Pros: I was given the standard size to review. Standard is still pretty big and allowed a lot of room to work with. I could drop the resolution of my mouse down and use full arm motions and still have decent room to work with avoiding a lot of repetitive lift off.

For a cloth surface this one is not too shabby. Higher drag and surface mimicking when placed on desks/tables that aren't perfectly flat can present issues with soft cloth surfaces. I for instance have a slight ridge where my desk parts join together and I normally avoid cloth sufaces because I can feel that ridge underneath when using them. This surface is a tad thicker and absorbs that under surface without transferring it to the top side. So at least for my minor desk imperfection this pad works great.

I thought that the surface allowed my mouse to glide well, if not a little bit harder than a hard mouse surface.

Tracking seemed on par with any of my other mouse surfaces and I didn't notice any anomalies there.

The back of the surface did well in keeping it in place. I don't think it moved an inch after initially placing it.

Cons: I really can't find anything worth considering as a con for the price of this surface. Just know whether you prefer a hard or soft surface as being soft will cause you to put a little more effort into moving the mouse around. Not really a con though if you prefer that.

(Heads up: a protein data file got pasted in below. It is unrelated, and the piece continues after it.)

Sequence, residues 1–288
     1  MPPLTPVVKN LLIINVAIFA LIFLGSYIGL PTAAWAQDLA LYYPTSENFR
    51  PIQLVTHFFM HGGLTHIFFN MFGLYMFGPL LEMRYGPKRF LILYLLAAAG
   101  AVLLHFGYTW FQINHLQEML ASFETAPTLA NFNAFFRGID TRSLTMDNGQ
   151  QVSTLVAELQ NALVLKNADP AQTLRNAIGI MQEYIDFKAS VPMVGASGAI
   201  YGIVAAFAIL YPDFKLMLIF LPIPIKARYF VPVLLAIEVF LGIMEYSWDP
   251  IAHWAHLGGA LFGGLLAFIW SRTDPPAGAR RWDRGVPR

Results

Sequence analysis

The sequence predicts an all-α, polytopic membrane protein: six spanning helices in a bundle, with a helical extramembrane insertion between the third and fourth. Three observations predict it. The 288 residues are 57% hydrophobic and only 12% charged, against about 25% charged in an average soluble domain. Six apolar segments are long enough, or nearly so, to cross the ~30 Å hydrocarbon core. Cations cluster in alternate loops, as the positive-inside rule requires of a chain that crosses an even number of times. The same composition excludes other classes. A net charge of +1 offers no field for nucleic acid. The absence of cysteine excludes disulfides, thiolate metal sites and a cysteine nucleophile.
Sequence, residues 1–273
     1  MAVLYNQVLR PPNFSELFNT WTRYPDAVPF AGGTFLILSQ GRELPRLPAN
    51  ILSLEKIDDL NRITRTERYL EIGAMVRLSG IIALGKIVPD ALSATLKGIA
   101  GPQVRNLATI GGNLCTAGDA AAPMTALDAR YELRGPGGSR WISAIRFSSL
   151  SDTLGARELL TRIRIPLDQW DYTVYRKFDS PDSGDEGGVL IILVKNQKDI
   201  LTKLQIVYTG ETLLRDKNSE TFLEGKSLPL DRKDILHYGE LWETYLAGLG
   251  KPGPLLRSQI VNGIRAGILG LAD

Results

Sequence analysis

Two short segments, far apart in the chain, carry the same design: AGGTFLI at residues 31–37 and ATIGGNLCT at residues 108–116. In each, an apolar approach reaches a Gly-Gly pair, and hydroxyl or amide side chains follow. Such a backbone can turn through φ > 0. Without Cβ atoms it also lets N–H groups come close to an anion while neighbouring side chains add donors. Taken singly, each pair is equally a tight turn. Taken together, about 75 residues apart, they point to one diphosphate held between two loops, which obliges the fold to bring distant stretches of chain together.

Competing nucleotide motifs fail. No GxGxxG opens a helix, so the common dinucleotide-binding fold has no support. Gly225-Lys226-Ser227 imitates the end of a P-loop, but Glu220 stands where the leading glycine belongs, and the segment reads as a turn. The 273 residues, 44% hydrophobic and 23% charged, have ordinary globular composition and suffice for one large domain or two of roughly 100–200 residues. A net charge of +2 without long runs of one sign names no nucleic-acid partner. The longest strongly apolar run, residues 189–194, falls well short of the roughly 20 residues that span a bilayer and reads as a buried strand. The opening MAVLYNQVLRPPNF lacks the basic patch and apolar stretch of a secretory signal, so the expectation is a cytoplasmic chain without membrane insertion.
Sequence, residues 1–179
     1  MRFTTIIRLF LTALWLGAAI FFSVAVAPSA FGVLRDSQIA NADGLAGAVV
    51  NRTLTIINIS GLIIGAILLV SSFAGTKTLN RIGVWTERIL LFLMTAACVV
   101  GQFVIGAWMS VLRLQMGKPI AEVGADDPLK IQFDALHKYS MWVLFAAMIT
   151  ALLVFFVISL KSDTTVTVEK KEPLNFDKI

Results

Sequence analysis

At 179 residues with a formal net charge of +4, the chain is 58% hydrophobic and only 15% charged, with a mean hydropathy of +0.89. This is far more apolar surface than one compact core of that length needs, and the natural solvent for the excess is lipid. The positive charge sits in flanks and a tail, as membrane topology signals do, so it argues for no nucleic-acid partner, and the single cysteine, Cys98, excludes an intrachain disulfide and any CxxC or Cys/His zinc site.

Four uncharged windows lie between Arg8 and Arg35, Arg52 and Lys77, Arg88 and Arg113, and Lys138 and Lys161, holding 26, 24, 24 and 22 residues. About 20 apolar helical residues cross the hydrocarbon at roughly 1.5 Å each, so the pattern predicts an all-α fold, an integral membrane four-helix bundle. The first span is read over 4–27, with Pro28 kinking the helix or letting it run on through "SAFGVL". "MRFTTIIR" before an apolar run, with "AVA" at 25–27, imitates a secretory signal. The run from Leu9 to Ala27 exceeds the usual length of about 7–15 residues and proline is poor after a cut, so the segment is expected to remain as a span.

Other Thoughts: I'm a hard mouse surface guy. I prefer the easier gliding and the pad always staying flat even when set on top of slightly uneven surfaces. Now that I've reviewed this mouse surface, I'll be going back to hard surfaces again.

So I wanted to see if I could use this pad for an extended period of time and get over the fact that it didn't feel as good as a hard surface. After a week or two I had all but forgotten the difference and this allowed me to look at the surface a little more objectively. Otherwise I would have probably noted up a con along the lines of "I didn't like it" without a reasonable excuse as to why.

I normally mouse on either a Logitech G440 or a Razer Scarab, both hard surfaces. This cloth surface from Corsair is actually bigger than either of those surfaces. So I will miss the extra size.

For the cost this is a good product, like most from Corsair. I wouldn't mind them finding some very distinct way of distinguishing their product from the competition however, whatever that may be.

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Nathan R.'s Profile

Display Name: Nathan R.

Date Joined: 06/21/02

Achievements:

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  • Reviews: 71
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  • First Review: 10/25/02
  • Last Review: 03/05/15